That said, studies indicate that they won’t increase obesity risk when eaten in moderation. They also contain other helpful acids, vitamins, and minerals, including:

  • Omega-3 fat alpha-linolenic acid (ALA): acid that helps reduce inflammation and improve blood fats.
  • Copper: mineral that promotes heart health and maintains bone, nerve, and immune system function.
  • Folic Acid: vitamin that helps your body make red blood cells and improves heart health.
  • Phosphorus: mineral in your bones that manages your energy storage, reduces muscle pain, repairs and maintains tissues and cells, produces DNA and RNA, and more.
  • Vitamin B6: vitamin that strengthens your immune system and supports nerve health.
  • Manganese: trace mineral that impacts fat and carbohydrate metabolism, calcium absorption, and blood sugar regulation.
  • Vitamin E: vitamin that can prevent coronary heart disease and inflammation and support immune function and eye health.
  • Ellagic Acid: antioxidant that can reduce your risk of heart disease and cancer.
  • Catechin: flavonoid antioxidant that promotes a healthy heart and brain and increases energy levels.
  • Melatonin: powerful antioxidant that reduces risk of heart disease and helps regulate your body’s internal clock.
  • Phytic acid: beneficial antioxidant that can protect against kidney stones and some cancers.

Types of Walnuts

Walnut trees are classified under the plant genus Juglans, which is of the family Juglandaceae. They are native across Asia—especially China—North America, and Europe. There are over 20 different types of walnut trees in the world. The most popular types of walnuts include…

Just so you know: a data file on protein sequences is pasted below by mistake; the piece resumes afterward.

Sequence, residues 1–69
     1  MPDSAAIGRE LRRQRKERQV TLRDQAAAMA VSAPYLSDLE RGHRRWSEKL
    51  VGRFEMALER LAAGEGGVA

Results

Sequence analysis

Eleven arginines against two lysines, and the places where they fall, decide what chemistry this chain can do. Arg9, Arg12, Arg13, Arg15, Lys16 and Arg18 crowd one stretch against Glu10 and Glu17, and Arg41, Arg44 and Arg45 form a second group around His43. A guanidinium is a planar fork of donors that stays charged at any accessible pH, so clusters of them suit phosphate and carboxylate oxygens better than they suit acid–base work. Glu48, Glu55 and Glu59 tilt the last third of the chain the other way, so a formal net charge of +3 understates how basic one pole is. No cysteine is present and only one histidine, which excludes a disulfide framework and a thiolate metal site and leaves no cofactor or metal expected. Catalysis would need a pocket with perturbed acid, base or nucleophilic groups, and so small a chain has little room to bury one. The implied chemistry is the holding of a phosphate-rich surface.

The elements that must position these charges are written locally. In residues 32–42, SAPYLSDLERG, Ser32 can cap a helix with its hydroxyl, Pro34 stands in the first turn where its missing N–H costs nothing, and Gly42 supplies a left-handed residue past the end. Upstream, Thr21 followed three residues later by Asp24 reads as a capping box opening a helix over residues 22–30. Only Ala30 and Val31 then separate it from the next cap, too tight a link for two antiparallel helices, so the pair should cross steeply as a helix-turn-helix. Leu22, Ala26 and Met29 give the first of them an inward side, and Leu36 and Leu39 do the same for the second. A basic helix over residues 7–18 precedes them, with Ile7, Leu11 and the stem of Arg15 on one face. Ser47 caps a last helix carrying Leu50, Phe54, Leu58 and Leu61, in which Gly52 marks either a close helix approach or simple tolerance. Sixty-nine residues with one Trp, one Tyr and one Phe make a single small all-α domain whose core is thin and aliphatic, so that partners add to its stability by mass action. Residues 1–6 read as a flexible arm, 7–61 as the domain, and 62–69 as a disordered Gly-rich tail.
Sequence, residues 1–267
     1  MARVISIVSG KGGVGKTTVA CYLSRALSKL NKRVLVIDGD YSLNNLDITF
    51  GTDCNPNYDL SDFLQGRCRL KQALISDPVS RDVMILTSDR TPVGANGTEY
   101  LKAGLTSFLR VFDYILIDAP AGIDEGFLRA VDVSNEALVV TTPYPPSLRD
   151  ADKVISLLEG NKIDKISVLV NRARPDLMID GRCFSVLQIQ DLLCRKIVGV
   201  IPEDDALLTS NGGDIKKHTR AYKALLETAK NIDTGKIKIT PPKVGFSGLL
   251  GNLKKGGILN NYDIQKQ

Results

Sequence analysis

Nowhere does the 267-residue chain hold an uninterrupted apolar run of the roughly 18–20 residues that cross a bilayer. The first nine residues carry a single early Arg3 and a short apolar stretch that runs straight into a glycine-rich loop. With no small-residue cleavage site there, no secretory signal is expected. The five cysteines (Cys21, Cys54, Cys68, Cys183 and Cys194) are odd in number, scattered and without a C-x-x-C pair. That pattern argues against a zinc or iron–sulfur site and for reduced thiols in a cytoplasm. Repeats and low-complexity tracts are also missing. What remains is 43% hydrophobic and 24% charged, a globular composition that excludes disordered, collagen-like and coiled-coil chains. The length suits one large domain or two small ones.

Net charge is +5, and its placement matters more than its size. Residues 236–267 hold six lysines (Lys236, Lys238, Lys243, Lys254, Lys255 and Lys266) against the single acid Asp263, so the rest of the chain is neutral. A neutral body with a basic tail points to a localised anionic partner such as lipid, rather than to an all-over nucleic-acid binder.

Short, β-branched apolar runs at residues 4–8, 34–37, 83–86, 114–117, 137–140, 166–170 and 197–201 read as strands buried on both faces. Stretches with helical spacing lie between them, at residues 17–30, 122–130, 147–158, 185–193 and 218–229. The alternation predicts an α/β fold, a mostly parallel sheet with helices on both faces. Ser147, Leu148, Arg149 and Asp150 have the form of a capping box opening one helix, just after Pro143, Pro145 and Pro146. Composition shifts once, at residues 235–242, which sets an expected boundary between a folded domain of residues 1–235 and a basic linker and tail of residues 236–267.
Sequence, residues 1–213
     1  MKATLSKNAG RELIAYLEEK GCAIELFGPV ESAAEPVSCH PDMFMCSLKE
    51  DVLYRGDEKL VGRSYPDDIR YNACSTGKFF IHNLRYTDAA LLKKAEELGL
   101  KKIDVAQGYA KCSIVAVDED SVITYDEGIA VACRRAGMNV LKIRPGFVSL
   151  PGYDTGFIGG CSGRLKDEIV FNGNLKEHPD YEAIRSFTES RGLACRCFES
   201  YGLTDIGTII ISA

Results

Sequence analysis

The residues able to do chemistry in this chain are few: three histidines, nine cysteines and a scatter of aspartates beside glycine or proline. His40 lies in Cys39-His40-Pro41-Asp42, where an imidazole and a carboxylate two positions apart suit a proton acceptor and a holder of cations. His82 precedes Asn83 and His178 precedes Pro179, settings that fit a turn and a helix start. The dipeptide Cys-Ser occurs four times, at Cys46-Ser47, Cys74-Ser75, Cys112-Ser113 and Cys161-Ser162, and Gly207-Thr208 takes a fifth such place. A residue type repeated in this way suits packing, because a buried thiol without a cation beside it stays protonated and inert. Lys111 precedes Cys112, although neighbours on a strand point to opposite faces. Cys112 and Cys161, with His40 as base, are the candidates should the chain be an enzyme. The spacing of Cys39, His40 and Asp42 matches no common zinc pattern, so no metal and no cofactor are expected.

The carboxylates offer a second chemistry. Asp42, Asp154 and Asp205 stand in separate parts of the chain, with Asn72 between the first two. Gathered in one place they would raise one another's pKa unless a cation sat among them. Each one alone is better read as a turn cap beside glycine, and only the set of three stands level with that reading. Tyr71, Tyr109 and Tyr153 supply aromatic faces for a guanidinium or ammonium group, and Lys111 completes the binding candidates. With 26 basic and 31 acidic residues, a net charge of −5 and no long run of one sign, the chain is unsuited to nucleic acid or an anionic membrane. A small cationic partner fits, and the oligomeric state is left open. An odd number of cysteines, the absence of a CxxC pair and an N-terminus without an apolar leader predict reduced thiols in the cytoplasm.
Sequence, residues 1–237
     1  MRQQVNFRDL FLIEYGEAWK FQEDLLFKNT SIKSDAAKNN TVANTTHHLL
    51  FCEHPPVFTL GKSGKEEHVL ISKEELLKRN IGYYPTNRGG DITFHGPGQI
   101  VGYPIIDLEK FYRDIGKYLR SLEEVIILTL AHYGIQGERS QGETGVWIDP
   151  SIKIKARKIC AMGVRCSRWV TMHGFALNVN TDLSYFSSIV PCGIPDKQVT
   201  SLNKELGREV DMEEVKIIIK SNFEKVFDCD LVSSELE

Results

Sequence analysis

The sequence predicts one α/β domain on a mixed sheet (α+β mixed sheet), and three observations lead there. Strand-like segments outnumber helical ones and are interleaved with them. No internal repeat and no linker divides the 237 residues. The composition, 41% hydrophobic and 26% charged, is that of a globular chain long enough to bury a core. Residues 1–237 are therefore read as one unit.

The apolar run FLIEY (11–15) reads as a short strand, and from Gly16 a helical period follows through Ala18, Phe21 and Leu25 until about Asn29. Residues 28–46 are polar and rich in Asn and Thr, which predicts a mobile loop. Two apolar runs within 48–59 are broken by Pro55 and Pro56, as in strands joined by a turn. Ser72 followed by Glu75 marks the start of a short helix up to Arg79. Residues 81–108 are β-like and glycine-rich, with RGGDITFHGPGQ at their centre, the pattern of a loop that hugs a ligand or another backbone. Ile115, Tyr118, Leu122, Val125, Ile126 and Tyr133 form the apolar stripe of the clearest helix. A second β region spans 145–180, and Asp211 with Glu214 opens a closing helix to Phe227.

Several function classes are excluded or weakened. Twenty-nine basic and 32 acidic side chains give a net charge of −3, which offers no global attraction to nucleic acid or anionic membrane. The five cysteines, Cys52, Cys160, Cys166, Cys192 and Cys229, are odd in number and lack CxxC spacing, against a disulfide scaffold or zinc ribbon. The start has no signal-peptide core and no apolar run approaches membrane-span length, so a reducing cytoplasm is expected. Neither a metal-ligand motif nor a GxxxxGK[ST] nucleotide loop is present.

Common Uses for Walnuts

The obvious thing people do with walnuts is eat them on their own as a snack. However, you can also add walnuts to many different dishes to enhance the taste. Some popular dishes include:

  • Salads
  • Pastas
  • Cereals
  • Oatmeal
  • Soups
  • Baked Goods
  • Dips and Sauces
  • Trail Mixes

…and more!

The Cost of Common Types of Nuts

The truth is most nuts are expensive for a lot of the same reasons as walnuts, so you’re going to run into this problem no matter what type you decide to buy. Let’s take a look at how walnuts stack up against other popular types of nuts:

  • Macadamia Nuts: $25 per pound
  • Almonds: $13.99 per pound
  • Chestnuts: $10.99 per pound
  • Cashew Nuts: $8.95 per pound
  • Walnuts: $8.50 per pound
  • Brazil Nuts: $7.30 per pound
  • Pecan: $6.99 per pound
  • Pistachios: $2.50 per pound 

Related Questions

What are other premium foods that are expensive to buy?

Some other common foods that may be priced higher than you’d think include almond butter, maple syrup, parmesan cheese, saffron, truffles, vanilla beans, and wild-caught fish. Like nuts, these items are expensive due to demand, labor, yield, freshness, and more.

What is the most popular nut?

Funnily enough, peanuts are the most popular nut that people throughout the world consume. However, they’re actually not a true nut. Peanuts are actually classified as a legume, which is the same family as peas and lentils.

What is the least healthy type of nut?

When compared directly with other nuts, macadamia nuts and pecans are probably the worst for you. They have the most calories, the highest amounts of fats, and the lowest amounts of proteins.

Our Final Thoughts on Walnuts

Walnuts are a pain to harvest, process, and transport, and they have high taxes, too. At the end of the day, that burden falls on the consumer—AKA you. Unfortunately, the next time you go to the grocery store, you’ll still have to pay the price to get your walnuts. On the bright side, you’ll at least better understand why you’re paying it.

Kerry Souder
Kerry Souder

I am a copywriter and editor based in the Las Vegas area with nearly a decade of experience under my belt writing landing pages, cost guides, blog posts, newsletters, case studies, and social media content. I have a degree in Strategic Communication and experience working in both the account and creative spheres. My goal is to always be discovering new interests and bettering myself as a writer and editor along the way.